Does Chris continue to make progress with his own rehabilitation journey?


Rehabilitation takes form in several ways. It is not only physical; it is also spiritual and mental. Chris has made great strides in all three.


What keeps your family moving forward?


FAITH, without a doubt. The strength that our faith in Jesus Christ has given us is the glue that has held us together. There were many nights spent crying, asking God for answers and even getting angry with God. We will never understand nor should we expect to. Without faith and prayer, this injury could become overwhelming at times.


Does your family’s personal experience give you unique insights to share with other families who come to Project Walk Atlanta?


You learn very quickly how to adapt to this injury. At Project Walk Atlanta, every client becomes part of a bigger family that shares and loves one another. We are there to pray with you or cry — whichever!

Project Walk Joe


Is cost a significant barrier to SCI rehabilitation for some families?


Cost is the biggest barrier. If you have a premium insurance policy, you might get reimbursed 75%. Otherwise, you have to rely on fundraising. Although we try to provide scholarships when we can, it is very important that we teach our clients how to fundraise. The average person has never asked for money or knows how. Although there are many online fundraising sites, I always point them to HelpHOPELive where they will get the best guidance to raise funds.


Based on your son Chris’s fundraising efforts with HelpHOPELive, what are some of the costs that SCI-affected families can expect to face 3 to 5 years after injury?


Medical supplies, housing adaptation, standing frames, FES bikes and vehicle modification are a few expenses that can be anticipated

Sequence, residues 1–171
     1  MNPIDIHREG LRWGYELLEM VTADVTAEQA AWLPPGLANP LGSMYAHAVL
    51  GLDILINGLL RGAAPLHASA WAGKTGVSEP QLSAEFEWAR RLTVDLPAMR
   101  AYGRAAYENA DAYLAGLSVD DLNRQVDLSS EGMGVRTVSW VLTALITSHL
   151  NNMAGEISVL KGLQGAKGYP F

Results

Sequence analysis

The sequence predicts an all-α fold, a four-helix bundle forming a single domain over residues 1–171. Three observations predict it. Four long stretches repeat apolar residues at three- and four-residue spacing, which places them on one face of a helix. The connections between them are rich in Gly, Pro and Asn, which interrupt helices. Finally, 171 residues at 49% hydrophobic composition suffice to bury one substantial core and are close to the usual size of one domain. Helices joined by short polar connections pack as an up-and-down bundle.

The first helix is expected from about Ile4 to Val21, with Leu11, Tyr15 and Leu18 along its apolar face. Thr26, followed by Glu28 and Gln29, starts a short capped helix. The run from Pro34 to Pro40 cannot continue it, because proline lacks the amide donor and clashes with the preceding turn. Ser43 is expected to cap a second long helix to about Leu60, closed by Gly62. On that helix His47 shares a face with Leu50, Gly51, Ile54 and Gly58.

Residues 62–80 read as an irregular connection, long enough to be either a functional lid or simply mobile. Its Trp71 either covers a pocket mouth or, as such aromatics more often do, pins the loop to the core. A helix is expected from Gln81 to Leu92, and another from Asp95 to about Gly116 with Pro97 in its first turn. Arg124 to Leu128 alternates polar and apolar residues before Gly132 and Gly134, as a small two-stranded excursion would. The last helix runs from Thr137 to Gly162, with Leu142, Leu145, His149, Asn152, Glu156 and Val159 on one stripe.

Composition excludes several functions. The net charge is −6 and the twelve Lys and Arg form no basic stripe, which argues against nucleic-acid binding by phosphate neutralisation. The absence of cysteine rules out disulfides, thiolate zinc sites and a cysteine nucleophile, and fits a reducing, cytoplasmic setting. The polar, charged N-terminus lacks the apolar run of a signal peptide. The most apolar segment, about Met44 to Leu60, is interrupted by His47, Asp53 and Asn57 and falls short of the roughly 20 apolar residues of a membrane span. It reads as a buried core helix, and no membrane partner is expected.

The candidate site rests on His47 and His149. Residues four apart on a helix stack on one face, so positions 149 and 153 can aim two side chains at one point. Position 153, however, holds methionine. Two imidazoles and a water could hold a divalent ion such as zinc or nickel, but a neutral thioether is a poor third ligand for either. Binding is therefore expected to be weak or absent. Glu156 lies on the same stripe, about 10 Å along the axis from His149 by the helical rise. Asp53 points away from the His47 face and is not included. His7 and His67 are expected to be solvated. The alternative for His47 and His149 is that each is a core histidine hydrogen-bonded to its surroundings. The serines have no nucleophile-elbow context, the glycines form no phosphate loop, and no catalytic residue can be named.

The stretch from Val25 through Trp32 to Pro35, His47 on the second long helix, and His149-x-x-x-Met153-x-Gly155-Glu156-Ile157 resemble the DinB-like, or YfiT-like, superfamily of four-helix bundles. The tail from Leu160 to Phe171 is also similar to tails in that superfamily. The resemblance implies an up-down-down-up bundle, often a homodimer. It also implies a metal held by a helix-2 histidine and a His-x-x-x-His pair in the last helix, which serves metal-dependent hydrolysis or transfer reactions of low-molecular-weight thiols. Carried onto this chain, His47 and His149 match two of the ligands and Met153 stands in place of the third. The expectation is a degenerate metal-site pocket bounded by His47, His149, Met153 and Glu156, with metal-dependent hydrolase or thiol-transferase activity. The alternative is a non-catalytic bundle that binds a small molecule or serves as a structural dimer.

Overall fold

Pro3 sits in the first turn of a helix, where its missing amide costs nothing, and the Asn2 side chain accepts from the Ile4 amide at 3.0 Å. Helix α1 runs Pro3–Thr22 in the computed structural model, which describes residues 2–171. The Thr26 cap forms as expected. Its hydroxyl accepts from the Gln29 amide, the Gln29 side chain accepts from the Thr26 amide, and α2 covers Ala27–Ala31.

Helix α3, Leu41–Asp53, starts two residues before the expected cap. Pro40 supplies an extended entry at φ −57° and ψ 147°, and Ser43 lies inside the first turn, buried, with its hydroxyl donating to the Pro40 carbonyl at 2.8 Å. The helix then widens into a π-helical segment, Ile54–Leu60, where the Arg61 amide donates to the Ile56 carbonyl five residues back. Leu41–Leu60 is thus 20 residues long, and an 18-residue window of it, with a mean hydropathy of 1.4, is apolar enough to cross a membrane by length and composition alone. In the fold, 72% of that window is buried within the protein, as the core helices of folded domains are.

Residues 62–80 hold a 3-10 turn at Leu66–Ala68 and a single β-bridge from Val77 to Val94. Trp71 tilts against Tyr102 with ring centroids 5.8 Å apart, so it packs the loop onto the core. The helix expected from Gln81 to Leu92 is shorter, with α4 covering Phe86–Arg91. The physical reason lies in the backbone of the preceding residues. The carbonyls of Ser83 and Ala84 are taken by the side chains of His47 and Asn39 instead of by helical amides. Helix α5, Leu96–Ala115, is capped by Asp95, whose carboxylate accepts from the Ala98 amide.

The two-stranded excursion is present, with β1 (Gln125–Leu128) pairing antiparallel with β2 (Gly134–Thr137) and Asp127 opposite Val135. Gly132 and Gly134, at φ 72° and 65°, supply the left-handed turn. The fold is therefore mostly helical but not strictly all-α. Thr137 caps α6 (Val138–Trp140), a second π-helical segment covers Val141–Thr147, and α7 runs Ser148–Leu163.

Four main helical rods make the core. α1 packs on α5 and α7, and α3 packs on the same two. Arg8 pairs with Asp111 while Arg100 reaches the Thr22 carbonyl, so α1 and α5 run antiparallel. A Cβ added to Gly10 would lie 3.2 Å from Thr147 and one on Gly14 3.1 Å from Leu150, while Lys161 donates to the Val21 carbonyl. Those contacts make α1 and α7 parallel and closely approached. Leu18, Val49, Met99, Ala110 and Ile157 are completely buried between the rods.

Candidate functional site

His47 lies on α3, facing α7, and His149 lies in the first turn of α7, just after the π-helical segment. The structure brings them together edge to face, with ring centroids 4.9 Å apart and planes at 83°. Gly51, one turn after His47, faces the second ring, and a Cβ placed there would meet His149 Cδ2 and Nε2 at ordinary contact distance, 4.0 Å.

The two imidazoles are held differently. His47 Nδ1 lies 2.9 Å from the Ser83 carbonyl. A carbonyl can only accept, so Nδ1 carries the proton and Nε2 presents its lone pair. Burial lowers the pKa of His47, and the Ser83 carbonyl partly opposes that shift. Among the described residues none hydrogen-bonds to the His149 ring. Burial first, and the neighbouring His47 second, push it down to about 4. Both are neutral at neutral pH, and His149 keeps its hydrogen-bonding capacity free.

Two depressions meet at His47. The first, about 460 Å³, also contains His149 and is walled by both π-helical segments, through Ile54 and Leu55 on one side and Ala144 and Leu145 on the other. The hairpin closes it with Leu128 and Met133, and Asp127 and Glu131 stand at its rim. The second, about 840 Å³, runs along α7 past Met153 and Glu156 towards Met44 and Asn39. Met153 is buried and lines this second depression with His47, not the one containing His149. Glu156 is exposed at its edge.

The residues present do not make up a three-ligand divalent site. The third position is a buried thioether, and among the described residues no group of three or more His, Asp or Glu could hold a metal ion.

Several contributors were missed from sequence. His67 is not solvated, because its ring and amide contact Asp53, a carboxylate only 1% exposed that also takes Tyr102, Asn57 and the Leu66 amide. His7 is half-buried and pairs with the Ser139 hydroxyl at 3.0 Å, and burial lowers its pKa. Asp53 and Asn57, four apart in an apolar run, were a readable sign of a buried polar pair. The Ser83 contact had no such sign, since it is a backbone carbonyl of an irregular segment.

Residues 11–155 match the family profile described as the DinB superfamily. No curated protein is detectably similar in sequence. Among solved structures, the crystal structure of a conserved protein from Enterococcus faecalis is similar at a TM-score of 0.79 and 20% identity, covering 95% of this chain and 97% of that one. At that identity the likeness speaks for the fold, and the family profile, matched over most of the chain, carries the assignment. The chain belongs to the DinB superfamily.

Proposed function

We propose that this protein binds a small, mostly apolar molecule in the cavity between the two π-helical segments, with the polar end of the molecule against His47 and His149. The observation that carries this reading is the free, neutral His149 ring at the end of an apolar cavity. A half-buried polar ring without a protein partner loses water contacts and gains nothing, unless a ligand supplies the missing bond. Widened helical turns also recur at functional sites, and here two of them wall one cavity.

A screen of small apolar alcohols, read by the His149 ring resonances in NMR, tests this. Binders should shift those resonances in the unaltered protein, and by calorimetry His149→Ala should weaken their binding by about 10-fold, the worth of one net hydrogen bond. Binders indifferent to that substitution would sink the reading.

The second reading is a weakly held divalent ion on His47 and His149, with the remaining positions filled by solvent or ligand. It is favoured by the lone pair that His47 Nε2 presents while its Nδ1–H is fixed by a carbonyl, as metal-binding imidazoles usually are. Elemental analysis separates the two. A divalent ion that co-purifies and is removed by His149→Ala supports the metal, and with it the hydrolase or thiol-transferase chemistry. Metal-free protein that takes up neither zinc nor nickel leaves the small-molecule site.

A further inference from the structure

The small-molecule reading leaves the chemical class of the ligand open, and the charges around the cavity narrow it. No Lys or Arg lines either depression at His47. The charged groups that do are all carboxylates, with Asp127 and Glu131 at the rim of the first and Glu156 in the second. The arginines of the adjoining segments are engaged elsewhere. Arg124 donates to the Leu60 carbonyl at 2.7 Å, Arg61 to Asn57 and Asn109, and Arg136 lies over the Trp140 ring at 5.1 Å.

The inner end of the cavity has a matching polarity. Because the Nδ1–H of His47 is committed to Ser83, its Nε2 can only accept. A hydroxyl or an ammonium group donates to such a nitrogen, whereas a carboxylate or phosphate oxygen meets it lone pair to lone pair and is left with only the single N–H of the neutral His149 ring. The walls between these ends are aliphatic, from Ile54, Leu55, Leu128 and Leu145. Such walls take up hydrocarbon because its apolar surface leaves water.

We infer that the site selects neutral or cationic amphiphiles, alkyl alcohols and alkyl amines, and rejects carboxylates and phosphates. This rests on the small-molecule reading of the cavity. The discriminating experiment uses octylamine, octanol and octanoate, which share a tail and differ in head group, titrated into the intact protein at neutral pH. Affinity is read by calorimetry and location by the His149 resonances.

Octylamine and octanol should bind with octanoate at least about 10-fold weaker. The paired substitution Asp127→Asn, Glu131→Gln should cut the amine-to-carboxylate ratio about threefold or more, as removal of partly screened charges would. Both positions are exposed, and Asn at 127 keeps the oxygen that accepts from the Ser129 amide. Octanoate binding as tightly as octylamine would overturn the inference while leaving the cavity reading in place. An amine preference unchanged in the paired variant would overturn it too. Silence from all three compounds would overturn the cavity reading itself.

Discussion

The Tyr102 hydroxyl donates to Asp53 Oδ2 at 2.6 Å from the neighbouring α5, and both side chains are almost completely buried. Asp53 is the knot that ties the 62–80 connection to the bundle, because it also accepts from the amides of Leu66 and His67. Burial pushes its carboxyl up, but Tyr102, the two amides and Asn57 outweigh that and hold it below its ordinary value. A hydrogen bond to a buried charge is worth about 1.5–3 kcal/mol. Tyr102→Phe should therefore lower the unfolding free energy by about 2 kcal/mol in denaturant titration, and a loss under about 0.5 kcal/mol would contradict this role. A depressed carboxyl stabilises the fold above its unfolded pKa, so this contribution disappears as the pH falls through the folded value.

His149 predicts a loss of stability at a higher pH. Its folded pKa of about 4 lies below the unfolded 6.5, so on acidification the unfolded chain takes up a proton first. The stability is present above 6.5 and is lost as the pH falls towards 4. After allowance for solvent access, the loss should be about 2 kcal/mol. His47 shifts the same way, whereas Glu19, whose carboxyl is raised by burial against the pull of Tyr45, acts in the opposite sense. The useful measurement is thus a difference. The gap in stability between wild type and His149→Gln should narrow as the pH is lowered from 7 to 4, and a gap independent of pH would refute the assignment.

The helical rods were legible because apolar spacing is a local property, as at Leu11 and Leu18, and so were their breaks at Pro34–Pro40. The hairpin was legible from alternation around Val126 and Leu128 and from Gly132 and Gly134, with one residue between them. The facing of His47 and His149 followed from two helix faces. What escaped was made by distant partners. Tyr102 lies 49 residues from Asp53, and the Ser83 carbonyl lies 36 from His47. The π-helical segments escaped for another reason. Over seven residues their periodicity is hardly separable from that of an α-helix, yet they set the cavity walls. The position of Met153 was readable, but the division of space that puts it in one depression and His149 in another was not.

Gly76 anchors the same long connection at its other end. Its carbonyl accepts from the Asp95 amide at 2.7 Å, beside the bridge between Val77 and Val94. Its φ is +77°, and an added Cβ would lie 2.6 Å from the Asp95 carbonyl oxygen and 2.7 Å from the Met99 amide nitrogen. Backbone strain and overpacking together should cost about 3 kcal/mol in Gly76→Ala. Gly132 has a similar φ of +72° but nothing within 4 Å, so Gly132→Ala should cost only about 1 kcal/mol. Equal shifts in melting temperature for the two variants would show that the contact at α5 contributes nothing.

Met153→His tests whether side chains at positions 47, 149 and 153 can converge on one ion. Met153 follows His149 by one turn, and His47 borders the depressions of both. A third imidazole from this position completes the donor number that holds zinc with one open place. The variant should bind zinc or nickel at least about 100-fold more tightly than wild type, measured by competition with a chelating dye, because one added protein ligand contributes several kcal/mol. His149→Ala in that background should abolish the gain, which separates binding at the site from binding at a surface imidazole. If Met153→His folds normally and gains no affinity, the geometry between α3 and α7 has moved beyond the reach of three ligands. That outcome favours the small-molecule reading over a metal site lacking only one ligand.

What piece(s) of advice would you offer to someone who was recently injured? What would you tell his or her family?


The advice that I would give someone is to begin fundraising early. This injury is so devastating on families financially that most families can end up in bankruptcy. Everything is so expensive and most insurance will not pay for long-term therapy. Medicaid pays for catheters but won’t pay for suppositories. Go figure!


The PWA website notes: “Everyone needs hope. Without hope you can’t recover.” Do you think that hope or a positive attitude can alter the rehabilitation process?


Absolutely. Without hope, what do you have? Every person affected by spinal cord injury has or once had hope that he or she would recover. Unfortunately, most acute hospitals’ doctors knock the wind from your sail by making statements like “you will not ever walk again” or “get used to the wheelchair.” At the end of the day, only God knows what anyone’s outcome really is.

I know many people that were told they would never walk and now they are beginning to take their first steps, crawl or even walk again. It is that hope and the belief in themselves that helped them get to that point.

Project Walk equipment


Connect with Project Walk Atlanta on Facebook to learn more about spinal cord injury rehabilitation. You can follow Chris Pickard’s journey on his Campaign Page.

 

7 Myths About Spinal Cord Injury Rehabilitation

Families coping with a spinal cord injury have so many factors to consider, from immediate medical support to long-term care and financial planning. In the final installment of our series, Amy Bratta gives us 7 common misconceptions about spinal cord injury rehabilitation.